What Happens to an Estate With No Living Beneficiaries or Executors?
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What happens when a legal claim is made against an estate that has no living beneficiaries or executors? A recent Ontario case answered that question. 

Applicants Try to Locate Beneficiaries of Estate

In 1978, the two applicants, along with the husband of one of the applicants, bought a large parcel of land in Ontario as tenants in common. When they bought the 50 acres of land, it was, and remained, undeveloped.

When the applicant’s husband died, his interest in the property passed to her. 

However, in 2019, the applicants discovered that their understanding of the location of the western boundary of their property was wrong. A strip of land, measuring 15 metres wide and 149 metres long, or about one-half acre, had been purchased by another individual in 1944 as part of a larger parcel of land. The ownership was evidenced by paper title. This came as a surprise to the applicants, who said that they had treated the subject property as their own since 1978. 

The individual owner of the strip of land, however, had passed away.Additionally, the individual owner’s wife, who was the sole beneficiary of his estate, and his brother, who was the executor of his estate, had also both since passed away. The will made no reference to any children or other beneficiaries.

The applicants took several steps in an attempt to locate a party with a claim to the subject property, but were unable to do so. 

As a result, when the applicants went to court to make their claim, it was heard ex parte, since the applicants had not been able to serve the individual owner’s estate, and had been unable to identify or locate any beneficiaries of the individual owner’s estate. 

The applicants sought an order that they were the lawful owners of the subject property and an order vesting title to the subject property in their names, as tenants in common, in shares proportionate to their shares of their property. They claimed that they had maintained open, exclusive, continuous and peaceful possession of the subject property since 1978. It was their position that their adverse possession of the subject property entitled them to an order granting them legal title to it.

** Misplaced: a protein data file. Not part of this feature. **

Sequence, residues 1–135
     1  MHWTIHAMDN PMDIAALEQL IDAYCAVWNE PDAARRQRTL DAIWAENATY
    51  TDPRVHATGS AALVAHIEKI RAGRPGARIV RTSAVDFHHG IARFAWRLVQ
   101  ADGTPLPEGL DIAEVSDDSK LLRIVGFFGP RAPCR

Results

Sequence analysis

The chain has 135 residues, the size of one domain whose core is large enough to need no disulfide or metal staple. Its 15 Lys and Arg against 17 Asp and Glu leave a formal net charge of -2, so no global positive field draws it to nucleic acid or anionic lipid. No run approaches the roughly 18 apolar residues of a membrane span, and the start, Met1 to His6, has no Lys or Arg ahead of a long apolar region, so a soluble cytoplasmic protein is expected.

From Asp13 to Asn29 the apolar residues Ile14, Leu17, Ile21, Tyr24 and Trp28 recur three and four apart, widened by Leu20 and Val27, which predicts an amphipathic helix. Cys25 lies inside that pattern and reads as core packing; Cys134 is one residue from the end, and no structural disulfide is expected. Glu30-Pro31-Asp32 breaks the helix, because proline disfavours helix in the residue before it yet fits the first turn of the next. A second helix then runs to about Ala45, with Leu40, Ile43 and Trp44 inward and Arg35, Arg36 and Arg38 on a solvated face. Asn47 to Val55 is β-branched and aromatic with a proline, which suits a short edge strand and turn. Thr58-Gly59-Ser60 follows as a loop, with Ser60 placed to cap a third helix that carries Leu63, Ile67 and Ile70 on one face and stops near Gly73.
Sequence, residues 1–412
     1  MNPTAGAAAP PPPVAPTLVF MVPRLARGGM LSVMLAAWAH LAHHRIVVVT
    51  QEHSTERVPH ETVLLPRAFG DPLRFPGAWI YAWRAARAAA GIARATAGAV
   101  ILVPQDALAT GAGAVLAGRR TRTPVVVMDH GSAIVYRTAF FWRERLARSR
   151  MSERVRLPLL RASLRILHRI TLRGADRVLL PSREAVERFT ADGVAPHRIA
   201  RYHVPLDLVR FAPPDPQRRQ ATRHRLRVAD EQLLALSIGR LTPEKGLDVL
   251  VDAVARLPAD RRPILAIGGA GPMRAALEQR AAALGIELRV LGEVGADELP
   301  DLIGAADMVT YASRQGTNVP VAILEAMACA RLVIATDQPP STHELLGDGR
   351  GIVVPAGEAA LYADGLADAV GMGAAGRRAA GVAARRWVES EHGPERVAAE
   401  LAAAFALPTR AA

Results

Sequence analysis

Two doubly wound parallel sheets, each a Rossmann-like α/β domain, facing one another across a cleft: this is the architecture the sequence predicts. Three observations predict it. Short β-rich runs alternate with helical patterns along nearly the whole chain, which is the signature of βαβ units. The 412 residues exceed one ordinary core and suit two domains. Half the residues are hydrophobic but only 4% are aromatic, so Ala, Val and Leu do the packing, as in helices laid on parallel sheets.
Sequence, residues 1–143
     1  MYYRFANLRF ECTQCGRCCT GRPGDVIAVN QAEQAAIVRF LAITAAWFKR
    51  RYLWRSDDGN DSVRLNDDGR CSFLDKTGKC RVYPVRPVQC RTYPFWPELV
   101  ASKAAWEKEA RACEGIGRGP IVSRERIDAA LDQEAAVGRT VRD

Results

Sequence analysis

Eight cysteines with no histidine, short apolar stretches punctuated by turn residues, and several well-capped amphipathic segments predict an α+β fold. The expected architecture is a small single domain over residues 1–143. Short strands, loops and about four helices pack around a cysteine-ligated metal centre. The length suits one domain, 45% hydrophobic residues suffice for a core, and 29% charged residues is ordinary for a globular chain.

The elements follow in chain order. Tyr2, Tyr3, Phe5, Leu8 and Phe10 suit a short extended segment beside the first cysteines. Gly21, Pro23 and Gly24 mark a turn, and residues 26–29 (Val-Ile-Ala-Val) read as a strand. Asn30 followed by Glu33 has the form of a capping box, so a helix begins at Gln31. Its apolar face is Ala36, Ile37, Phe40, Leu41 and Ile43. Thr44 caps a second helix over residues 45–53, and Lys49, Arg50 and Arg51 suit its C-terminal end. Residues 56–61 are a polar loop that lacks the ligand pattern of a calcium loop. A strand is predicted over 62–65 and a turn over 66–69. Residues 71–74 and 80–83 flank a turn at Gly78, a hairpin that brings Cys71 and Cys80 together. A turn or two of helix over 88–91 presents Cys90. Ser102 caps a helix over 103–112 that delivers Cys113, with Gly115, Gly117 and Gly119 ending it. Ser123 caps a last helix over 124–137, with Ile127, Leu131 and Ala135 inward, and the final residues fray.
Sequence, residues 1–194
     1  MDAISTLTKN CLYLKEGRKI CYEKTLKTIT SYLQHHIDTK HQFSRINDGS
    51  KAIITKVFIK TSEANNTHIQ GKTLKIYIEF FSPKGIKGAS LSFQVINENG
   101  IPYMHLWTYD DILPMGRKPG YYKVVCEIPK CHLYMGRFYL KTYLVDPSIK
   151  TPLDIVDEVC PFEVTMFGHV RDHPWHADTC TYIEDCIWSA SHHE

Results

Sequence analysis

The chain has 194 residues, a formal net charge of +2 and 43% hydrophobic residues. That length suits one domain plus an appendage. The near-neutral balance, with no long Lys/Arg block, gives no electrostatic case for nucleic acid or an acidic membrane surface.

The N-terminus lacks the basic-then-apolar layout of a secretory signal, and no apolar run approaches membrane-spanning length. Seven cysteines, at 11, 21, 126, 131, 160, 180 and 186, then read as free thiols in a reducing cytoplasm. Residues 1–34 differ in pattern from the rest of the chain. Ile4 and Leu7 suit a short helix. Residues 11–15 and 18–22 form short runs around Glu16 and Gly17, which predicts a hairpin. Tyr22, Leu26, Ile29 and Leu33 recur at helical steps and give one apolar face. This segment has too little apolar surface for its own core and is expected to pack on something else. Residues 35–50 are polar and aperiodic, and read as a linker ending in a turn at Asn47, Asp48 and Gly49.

Court Rules in Favour of Applicants

At the outset, the court determined that the matter could proceed ex parte, stating:

“I find that the applicants exhausted all reasonable efforts to locate any party with a claim to the subject property. An order dispensing with the requirement of service of the notice of application upon the [estate] will be made.” 

This meant that the case proceeded without anyone representing the individual owner’s estate.

The court then explained that to succeed in their claim for adverse possession, the applicants had to establish that their use of the subject property was “open, notorious, constant, continuous, peaceful and exclusive of the right of the true owner”, for any 10-year period prior to November 20, 2000, and that this use met the following well-established criteria:

  1. They had actual possession of the property in issue;
  2. They intended to exclude the true owner from possession of his property; and
  3. They effectively excluded the true owner from possession of his property.

After reviewing the evidence presented by the applicants, the court held that they had established possessory title by way of adverse possession.

As a result, the court issued an ordered extinguishing the individual owner’s estate’s rights and title to the subject property. Additionally, it ordered that 75% of the property vest in the applicant wife as a tenant in common interest and the other 25% to the second applicant.

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Deciding what will happen to your assets upon your death is critical in ensuring your family and loved ones are taken care of when you are gone, and that your assets are distributed in the way that you want them to be. A will is the best way to express your choices and preferences with respect to what should happen after your death. A well-drafted, up-to-date will should be the cornerstone of your entire estate plan.

At Baker & Company, our Toronto estates lawyers can help you establish an estate plan tailored to your needs. We have extensive experience and expertise in providing you with estate planning advice and implementing your desired plan. Call us at 416-777-0100 or contact us online for a consultation.

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